These phrases have in common their definition of employment relations that differ from typical work arrangements in which it was normally implied that work was implemented full-time, would last for an indefinite period, and was fulfilled at the employer's office strictly according to the employer's instruction. Typical work arrangements were the model in a lot of industrial states for much of the twentieth century and were the foundation of the structure within which employment law, bargaining, and security systems functioned.
Reforms beginning at the end of twentieth century created the situation that led countries, companies, and employees to look for more flexibility in employment. As a result, the usual employment relationship started changing (Galbraith, 2004, p. 42; Houseman & Osawa, 1995, p. 10). Worldwide economic reforms increased competition and indecision among companies and made them to push for larger earnings and to be more adaptable in setting relations with their workers and responding to customers. Slow-moving economic development resulted in high unemployment rate that made it obvious, particularly in Europe, that economies were unable to create a sufficient amount of jobs to offer full-time salary employment for all employees (Keeley, 2001, p. 214). The adoption of atypical employment was facilitated by technical developments in communication and information systems that made it simple for companies to specialize their manufacture, bring temporary workers together quickly for assignments, and count more on outside contractors. Employment laws created to protect permanent workers also fueled the development in atypical work by making employers pass up the mandates and expenses connected with these laws (Brown et al. 2000, p. 13). So too did demographic reforms in the composition of the work force, such more married women and old people working, who frequently preferred the flexibility obtainable through atypical employment arrangements (Gellerman, 1990, p. 122).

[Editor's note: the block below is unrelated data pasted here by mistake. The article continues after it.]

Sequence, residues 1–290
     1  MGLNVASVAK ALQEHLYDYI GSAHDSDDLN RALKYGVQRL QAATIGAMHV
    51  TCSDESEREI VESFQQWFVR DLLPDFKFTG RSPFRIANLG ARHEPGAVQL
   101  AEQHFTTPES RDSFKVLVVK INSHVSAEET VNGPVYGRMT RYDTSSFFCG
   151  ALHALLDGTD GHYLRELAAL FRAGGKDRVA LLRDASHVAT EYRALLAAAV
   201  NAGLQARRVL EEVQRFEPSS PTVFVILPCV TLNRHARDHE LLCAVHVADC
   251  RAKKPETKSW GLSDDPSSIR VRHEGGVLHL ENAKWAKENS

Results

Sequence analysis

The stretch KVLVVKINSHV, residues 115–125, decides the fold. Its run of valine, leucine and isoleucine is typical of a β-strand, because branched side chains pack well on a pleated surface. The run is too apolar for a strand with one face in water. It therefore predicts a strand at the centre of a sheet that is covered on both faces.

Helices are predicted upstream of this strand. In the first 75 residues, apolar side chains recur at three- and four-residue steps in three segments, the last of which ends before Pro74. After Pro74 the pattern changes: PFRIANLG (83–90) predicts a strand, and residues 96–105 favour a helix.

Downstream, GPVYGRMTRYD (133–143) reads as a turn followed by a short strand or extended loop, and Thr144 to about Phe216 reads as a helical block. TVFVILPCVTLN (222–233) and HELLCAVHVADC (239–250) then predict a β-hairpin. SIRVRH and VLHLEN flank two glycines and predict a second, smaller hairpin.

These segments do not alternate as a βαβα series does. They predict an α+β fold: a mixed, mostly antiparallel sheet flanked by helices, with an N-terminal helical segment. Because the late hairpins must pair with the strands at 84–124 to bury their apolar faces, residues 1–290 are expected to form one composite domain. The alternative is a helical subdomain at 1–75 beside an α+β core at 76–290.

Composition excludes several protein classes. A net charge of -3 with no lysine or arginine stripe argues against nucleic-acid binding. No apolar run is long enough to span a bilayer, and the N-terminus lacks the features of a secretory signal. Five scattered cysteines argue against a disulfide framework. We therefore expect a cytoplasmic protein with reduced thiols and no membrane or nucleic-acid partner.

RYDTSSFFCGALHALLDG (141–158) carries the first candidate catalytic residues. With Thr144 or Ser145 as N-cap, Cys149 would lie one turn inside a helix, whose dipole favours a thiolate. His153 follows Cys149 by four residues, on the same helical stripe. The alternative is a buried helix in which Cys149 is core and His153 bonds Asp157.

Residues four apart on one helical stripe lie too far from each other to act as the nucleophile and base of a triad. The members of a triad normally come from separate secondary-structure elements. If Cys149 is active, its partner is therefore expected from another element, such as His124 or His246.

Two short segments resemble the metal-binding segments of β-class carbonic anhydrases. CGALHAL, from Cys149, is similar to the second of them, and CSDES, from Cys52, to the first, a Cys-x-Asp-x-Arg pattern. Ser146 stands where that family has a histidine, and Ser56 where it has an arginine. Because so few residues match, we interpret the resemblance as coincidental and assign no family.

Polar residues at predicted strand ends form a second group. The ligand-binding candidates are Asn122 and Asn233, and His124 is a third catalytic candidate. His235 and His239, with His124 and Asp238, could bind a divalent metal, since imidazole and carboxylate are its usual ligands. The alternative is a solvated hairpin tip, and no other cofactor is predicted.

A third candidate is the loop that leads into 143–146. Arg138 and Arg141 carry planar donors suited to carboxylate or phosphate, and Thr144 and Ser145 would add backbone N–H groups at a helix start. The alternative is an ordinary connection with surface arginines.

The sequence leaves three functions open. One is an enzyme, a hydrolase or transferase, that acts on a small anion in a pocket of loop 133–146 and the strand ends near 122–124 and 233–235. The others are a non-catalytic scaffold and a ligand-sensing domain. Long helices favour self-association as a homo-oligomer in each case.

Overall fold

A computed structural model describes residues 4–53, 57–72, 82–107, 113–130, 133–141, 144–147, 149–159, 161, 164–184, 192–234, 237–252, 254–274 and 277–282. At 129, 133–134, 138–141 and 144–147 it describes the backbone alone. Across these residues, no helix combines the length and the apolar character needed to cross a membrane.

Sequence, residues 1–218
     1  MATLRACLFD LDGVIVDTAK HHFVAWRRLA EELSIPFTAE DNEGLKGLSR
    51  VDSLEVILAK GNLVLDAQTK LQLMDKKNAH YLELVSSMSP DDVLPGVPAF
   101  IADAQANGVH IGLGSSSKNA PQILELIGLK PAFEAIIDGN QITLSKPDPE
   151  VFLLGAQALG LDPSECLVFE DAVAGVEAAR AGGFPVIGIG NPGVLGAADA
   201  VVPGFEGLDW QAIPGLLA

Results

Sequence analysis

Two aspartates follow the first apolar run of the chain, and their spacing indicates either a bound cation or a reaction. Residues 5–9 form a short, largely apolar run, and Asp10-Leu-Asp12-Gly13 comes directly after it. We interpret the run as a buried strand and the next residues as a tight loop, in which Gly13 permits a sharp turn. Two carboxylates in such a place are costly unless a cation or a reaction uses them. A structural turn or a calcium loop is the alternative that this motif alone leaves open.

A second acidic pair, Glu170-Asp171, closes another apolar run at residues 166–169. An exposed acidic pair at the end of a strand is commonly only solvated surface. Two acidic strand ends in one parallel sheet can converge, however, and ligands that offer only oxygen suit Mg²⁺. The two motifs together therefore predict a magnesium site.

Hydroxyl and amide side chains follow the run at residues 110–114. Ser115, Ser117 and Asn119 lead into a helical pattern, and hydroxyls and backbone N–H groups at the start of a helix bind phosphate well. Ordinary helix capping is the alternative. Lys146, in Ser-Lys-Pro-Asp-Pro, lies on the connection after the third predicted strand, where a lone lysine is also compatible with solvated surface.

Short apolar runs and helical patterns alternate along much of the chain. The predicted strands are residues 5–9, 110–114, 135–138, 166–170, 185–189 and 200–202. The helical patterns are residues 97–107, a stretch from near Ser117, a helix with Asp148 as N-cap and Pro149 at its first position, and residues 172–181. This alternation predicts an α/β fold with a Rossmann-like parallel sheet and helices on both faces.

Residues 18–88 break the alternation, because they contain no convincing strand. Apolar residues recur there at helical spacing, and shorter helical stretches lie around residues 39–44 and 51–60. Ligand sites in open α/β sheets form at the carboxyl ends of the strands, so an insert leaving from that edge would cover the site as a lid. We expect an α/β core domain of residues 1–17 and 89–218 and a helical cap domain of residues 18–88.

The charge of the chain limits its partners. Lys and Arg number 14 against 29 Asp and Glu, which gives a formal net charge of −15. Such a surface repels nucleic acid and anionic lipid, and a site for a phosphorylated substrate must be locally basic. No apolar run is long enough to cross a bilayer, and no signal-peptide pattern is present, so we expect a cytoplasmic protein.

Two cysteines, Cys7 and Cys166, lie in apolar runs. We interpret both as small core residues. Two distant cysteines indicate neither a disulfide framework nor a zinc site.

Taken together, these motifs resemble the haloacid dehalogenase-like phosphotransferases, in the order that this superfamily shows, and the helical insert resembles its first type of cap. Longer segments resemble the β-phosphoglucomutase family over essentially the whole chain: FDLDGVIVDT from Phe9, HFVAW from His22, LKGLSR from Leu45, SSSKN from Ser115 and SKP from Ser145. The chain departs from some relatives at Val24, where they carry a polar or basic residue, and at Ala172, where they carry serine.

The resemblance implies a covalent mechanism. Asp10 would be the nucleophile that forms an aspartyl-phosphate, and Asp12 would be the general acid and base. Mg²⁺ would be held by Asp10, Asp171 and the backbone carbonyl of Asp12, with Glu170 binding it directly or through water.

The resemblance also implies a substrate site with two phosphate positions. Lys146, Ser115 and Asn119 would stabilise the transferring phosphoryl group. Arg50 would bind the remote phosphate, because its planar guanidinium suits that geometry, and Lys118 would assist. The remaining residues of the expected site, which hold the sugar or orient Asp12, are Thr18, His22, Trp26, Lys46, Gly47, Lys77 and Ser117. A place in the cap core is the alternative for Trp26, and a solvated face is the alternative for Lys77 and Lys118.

Therefore, if to evaluate temporary employees and so-called "multifunctional full-time workers" (those who do most part of the work on constant basis), the former is obviously more beneficial and profitable.
Atypical work relations are not new. Work arrangements that did not correspond the model of full-time work always existed, and history is full of instances of peripheral work forces and flexible labor markets where the work is unbalanced and temporary (Gratton et al., 1999, p. 74). For example, in the contracting system of the United States in the 19th century, management provided equipment and space in the plant, supplied raw material and monetary resources, and set for the sale of the product while contractors were accountable for manufacture and hired the employers, paid them and controlled them (Jackson & Schuler 1995, p. 237).